November 4, 2012
Dear Chris and Lonna,
First, I would like to say congratulations on getting married and I wish you two the best. Since, you have asked me about my advice on interpersonal communication it will be my pleasure to hopefully shed some light on the subject and help you two to a happy and long marriage. Interpersonal communications are key when it comes to relationships because, they teach use how to communicate with one another and deal with our own thoughts. To help in your understanding of interpersonal communication I will provide some details on the principles and misconceptions, barriers, effectiveness of words, role of emotional intelligence, role of self-disclosure, and strategies for conflicts in interpersonal communication. Learning and understanding these skills should help to strengthen the bond of your marriage and also help in your daily life. Principles and Misconceptions in Effective Interpersonal Communications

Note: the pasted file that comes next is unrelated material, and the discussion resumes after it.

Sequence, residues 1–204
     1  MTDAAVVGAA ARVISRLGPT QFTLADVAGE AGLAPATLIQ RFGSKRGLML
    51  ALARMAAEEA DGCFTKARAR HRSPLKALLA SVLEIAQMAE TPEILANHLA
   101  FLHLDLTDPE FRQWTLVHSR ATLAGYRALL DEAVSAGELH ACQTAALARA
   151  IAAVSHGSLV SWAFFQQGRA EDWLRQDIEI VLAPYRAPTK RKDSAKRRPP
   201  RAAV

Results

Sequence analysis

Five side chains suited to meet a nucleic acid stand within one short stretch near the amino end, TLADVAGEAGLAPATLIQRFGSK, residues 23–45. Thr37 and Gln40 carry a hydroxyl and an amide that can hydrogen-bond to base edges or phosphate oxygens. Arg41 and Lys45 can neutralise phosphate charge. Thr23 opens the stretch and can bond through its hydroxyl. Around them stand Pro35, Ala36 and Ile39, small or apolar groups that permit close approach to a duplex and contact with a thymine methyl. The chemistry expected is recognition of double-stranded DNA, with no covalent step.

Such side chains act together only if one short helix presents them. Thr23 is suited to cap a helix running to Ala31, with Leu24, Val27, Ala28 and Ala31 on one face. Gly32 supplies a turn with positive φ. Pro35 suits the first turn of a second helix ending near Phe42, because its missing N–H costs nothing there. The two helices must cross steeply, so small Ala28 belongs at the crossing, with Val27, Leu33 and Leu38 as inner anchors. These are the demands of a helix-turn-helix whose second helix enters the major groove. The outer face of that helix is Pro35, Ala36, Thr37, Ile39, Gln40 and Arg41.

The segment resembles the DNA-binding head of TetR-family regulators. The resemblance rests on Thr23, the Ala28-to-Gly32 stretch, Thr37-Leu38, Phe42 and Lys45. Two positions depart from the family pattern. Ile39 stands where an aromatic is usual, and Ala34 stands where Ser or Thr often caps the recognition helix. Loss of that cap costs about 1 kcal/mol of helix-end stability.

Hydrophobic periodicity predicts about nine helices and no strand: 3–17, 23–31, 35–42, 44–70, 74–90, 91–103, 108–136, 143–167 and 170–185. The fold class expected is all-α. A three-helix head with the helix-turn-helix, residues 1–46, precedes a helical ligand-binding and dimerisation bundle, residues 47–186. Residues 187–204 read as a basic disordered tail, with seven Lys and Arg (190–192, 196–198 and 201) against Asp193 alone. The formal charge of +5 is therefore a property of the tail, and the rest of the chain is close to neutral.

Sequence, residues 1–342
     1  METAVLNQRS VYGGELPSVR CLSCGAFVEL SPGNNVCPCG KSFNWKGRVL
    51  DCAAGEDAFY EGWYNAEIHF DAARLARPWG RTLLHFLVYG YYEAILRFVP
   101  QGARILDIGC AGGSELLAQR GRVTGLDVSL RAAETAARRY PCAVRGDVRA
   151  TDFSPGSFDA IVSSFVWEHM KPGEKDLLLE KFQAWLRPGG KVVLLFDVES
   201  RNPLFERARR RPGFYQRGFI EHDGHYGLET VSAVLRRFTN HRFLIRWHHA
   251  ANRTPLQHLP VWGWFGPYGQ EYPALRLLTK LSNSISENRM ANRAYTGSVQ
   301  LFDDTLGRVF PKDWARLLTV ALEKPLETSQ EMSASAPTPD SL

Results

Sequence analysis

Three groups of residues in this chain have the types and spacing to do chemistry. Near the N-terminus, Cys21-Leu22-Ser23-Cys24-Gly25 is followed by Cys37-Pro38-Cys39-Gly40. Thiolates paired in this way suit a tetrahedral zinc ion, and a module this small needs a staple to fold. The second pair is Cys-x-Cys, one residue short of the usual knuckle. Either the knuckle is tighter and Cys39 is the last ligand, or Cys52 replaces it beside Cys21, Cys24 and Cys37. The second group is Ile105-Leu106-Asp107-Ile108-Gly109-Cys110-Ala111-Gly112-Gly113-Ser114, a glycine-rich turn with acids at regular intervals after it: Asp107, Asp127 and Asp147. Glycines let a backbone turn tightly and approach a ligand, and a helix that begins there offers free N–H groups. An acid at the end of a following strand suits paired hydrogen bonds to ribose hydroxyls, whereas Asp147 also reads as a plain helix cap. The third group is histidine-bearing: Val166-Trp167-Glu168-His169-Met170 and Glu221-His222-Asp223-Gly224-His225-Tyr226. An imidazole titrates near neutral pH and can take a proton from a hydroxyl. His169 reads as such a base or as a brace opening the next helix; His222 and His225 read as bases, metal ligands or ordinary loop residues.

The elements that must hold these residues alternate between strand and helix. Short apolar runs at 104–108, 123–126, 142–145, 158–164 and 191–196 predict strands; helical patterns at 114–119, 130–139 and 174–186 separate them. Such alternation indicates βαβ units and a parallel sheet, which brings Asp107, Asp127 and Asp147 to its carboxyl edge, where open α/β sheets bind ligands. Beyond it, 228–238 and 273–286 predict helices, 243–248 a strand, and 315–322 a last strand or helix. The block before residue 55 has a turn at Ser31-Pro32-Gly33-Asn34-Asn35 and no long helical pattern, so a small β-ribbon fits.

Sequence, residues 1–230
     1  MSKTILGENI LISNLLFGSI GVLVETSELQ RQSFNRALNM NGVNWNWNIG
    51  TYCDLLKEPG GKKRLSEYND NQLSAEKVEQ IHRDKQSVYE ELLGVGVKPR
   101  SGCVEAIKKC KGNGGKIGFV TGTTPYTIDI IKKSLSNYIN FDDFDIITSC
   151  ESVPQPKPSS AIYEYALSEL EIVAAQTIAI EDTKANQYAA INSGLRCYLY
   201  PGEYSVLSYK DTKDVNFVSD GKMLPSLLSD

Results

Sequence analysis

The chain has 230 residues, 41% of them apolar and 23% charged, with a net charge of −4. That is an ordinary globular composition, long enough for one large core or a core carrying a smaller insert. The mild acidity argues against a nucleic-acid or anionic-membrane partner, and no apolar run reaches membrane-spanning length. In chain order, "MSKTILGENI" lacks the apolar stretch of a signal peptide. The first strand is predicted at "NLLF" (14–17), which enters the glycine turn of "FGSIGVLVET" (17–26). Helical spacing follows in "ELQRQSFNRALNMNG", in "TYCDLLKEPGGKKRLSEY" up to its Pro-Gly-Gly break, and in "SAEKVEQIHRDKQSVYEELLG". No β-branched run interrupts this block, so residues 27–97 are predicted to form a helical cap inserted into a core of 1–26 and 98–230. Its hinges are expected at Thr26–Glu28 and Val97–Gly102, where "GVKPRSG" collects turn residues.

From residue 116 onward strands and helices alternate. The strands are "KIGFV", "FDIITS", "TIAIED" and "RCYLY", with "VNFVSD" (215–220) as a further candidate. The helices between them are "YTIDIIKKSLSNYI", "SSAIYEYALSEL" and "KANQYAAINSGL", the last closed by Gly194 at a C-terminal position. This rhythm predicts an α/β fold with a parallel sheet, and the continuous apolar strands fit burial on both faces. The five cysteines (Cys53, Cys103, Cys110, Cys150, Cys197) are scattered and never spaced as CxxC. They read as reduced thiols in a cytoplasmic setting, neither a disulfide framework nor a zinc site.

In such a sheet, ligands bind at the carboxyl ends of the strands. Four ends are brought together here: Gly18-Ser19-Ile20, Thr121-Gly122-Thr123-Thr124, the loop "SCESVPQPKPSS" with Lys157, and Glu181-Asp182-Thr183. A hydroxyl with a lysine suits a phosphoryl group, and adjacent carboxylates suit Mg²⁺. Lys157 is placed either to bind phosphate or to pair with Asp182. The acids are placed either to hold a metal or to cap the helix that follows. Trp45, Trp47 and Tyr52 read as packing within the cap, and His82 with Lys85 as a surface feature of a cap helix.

According to Kathy Sole (2011), Making Connections: Understanding Interpersonal Communication, there are six basic principles in regards to communication. Her textbook lists these principles as: communication is symbolic, communication is a shared meaning, communication has a followed process, communication is culturally determined, communication occurs in context, and finally that communication is purposeful. These six principles of communication help to explain the basic meanings of how communication works however, there will always be misconceptions behind these principles. To help make these principles more understandable I will go over each in detail. First, many linguists widely believe the use of symbols in the human language is what makes our communications so unique. “Symbols are the words, pictures, sounds, marks, or objects we use to represent something else. A symbol can be anything that conveys a meaning, and it can be written, spoken, or nonverbal” (Sole, 2011). Human beings are the only creatures on the planet that can agree over time to make any symbol represent some kind of meaning. Second, “[o]ne of the most obvious benefits of human communication is that it allows people to share thoughts, feelings, experiences, and views of the world” (Sole, 2011). This means when we communicate are world perspective with others it helps us to create a shared meaning of what we think and we are also able to take in the other person’s perspective. Having a shared meaning within communication allows for us to visualize situations that we may not have been present for. Third, communication is ongoing, never ending process. We use communication every day of our lives as soon as we are born in order to express our wants and needs. Therefore, we must also constantly be working to improve our communication skills and become idle or believe there is no need for improvement. Fourth, every culture has their own style of communication and the majority of these become secondhand and subconsciously done. For instance, “[i]n [the United States of America], eye contact indicates: degree of attention or interest, influences attitude change or persuasion, regulates interaction, communicates emotion, defines power and status, and has a central role in managing impressions of others. [This being completely different than in] Japan, Africa, Latin America, [and the] Caribbean [where one should] avoid eye contact to show respect” (“Non-Verbal Communication Modes, nd). Fifth, the context or environment in which communication takes place varies the way it is communicated. The environmental settings in which we communicate will affect how we act and what we say because, obviously one would not behave at work like they are at a party. Therefore, the setting surrounding a communicated message should always be taken into account. Lastly, it is important to remember that communication is used for a purpose. Communication is not just noises and...